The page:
“If you want the present to be different from the past, study the past.”  Spinoza

Christians went to the Holy Land

to claim it back.  Crusades.

Moslems fought Moslems

Sunni against Shia

Sufis outcast or revered

Hafiz, Rumi

No middle ground

No compromise

Centuries gone

New technology

the only change.

No one learned

listened to the past

to the humane

voices in the wind.


She remembers nothing.

Head vibrates,

fingers tremble

heart thumps.

Her brain hangs on

one big thorn on a

mesquite tree.

She cannot cry,

looks at pestules on

dry, blotchy skin.

Her brain hangs on

one big thorn on a

mesquite tree.

She tries to remember.

Feet walk on

broken shards

eyes crimson,

silently cries.

Her brain hangs on

one big thorn on a

mesquite tree.

Listening to a Band

Yesterday my second daughter arrived from Thailand.  Biologically she is not my daughter, but rather my first exchange student six years ago.  We have kept in touch over the years and she is now here with me for a month.  Her best friend from high school here is also with us.  Tonight we went to the Palace Coffee in Canyon, Texas, to listen to a trio because the band leader is a friend of the friend.  This poem attempts to describe the music.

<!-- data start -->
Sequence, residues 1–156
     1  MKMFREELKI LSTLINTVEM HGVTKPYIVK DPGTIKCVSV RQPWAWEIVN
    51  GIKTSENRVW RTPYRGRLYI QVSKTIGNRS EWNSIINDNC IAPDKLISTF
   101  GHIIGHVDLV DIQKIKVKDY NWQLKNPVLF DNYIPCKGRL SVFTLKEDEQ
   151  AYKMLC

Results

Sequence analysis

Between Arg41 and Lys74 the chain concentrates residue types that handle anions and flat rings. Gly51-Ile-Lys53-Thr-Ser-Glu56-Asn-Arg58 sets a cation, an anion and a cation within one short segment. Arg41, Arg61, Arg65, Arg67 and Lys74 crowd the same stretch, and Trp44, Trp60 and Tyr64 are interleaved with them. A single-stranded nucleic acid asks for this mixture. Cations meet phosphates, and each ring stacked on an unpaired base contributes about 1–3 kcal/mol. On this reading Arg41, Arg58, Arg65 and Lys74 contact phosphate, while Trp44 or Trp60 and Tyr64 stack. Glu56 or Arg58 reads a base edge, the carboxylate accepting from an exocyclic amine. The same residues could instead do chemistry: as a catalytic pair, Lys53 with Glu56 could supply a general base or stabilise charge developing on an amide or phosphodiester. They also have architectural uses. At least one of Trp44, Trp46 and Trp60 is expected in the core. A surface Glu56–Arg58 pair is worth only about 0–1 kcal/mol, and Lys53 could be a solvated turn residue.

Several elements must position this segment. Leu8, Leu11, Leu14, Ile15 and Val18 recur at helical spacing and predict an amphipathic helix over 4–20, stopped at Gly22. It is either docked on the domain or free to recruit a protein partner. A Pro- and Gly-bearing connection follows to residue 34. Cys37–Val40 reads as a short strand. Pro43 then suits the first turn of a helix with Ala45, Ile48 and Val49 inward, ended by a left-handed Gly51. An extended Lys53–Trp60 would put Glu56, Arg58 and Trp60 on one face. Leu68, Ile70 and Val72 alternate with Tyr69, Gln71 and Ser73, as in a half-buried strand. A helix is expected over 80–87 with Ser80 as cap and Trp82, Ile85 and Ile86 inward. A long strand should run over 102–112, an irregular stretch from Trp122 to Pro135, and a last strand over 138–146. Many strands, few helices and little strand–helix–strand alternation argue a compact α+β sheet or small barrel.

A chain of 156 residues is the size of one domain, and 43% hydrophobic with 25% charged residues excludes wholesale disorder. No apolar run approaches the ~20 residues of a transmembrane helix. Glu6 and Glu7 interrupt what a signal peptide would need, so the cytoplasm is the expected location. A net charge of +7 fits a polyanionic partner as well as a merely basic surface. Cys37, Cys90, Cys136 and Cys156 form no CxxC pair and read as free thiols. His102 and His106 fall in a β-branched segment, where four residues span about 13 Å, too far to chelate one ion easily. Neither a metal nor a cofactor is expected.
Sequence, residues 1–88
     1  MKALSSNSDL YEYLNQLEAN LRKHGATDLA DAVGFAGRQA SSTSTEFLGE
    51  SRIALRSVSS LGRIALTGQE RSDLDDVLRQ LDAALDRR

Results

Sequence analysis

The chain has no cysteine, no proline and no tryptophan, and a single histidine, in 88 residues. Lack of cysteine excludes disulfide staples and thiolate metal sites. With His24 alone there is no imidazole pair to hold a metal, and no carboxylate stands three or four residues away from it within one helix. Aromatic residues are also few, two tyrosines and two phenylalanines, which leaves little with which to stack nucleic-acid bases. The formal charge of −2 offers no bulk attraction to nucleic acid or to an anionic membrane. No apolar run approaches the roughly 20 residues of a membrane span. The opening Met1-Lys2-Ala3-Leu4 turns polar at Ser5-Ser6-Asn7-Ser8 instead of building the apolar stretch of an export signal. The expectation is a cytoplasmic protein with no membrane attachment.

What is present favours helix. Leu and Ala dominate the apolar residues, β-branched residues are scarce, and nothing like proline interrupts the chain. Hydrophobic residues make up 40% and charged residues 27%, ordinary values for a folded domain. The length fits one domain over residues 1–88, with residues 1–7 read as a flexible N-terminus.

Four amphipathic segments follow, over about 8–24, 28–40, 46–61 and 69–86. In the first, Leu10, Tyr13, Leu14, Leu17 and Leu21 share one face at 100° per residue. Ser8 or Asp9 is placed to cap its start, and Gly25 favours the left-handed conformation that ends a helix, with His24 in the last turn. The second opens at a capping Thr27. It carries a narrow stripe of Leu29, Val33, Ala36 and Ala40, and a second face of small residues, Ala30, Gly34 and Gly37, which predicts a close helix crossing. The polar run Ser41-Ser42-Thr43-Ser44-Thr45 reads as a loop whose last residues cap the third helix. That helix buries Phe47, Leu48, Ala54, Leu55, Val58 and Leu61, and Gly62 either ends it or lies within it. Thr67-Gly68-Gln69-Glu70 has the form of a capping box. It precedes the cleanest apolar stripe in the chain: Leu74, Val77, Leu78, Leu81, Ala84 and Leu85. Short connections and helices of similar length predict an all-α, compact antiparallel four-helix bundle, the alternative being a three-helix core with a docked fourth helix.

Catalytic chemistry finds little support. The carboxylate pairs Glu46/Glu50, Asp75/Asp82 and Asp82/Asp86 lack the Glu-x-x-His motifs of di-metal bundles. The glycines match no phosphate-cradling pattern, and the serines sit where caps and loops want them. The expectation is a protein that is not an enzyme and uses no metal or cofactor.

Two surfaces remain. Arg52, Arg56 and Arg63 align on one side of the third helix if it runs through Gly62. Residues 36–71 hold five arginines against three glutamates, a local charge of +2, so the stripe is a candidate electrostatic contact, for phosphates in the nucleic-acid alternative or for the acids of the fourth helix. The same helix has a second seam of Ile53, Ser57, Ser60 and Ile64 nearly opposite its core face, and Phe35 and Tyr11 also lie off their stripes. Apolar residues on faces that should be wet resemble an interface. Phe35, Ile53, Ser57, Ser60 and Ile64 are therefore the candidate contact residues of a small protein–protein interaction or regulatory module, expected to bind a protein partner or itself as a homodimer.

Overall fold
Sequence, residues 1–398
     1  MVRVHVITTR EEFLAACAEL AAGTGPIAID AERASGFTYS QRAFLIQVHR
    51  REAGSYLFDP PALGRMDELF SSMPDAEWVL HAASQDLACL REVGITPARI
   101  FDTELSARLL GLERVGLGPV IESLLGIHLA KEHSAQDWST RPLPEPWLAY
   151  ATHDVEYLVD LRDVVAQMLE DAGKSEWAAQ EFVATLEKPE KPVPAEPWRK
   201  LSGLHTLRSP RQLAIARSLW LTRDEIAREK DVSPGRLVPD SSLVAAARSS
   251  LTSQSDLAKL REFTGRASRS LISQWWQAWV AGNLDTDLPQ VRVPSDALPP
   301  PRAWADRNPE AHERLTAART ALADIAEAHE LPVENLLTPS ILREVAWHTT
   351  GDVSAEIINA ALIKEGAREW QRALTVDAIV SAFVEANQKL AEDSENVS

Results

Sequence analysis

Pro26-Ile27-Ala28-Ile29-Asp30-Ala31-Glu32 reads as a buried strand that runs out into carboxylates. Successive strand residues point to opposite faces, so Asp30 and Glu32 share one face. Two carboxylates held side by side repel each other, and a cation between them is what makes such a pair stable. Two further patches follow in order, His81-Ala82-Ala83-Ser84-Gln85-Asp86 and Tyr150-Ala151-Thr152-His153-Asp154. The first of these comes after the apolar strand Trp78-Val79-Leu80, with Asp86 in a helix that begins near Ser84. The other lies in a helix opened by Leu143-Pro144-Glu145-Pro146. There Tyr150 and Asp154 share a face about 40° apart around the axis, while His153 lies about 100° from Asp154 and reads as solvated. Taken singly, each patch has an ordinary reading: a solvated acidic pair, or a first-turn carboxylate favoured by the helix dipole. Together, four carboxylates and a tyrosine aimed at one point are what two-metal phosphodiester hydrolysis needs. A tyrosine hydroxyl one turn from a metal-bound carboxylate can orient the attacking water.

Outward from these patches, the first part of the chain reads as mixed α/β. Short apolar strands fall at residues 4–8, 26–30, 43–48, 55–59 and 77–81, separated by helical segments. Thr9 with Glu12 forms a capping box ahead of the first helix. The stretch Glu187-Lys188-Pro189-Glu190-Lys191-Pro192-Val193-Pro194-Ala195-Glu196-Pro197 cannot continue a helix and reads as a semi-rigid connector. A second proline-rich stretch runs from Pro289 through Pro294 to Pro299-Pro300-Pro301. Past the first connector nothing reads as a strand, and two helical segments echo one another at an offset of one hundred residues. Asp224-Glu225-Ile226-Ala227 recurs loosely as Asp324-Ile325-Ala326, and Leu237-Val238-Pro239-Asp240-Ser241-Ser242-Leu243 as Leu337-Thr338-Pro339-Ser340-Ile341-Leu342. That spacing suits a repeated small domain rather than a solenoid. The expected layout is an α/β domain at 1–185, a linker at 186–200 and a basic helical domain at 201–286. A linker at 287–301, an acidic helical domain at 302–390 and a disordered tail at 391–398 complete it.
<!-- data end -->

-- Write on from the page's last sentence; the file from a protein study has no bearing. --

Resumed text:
Long hair flying

except the drummer

Wild strumming

No picking

Guitar and bass

percussion not strings

Three percussion instruments

vibrating sound



guitar becomes synthesizer

haunting, electronic

other dimensional.


back to

three percussion instruments

vibrating sound

voices lost

The Tupelo Press 30/30 Project

Today, one day late, I discovered this project for National Poetry Month and decided to commit to it by experimenting.  It requires writing a poem daily either on your own or following “instructions”.  Today’s directions included finding a nearby book, going to page 29, picking twenty words, and using them to write a poem:

crazy think

goofy people

worried together

leave bear

smudges on the glass

bloody floor

huge knives

packed sorrow on

a plastic table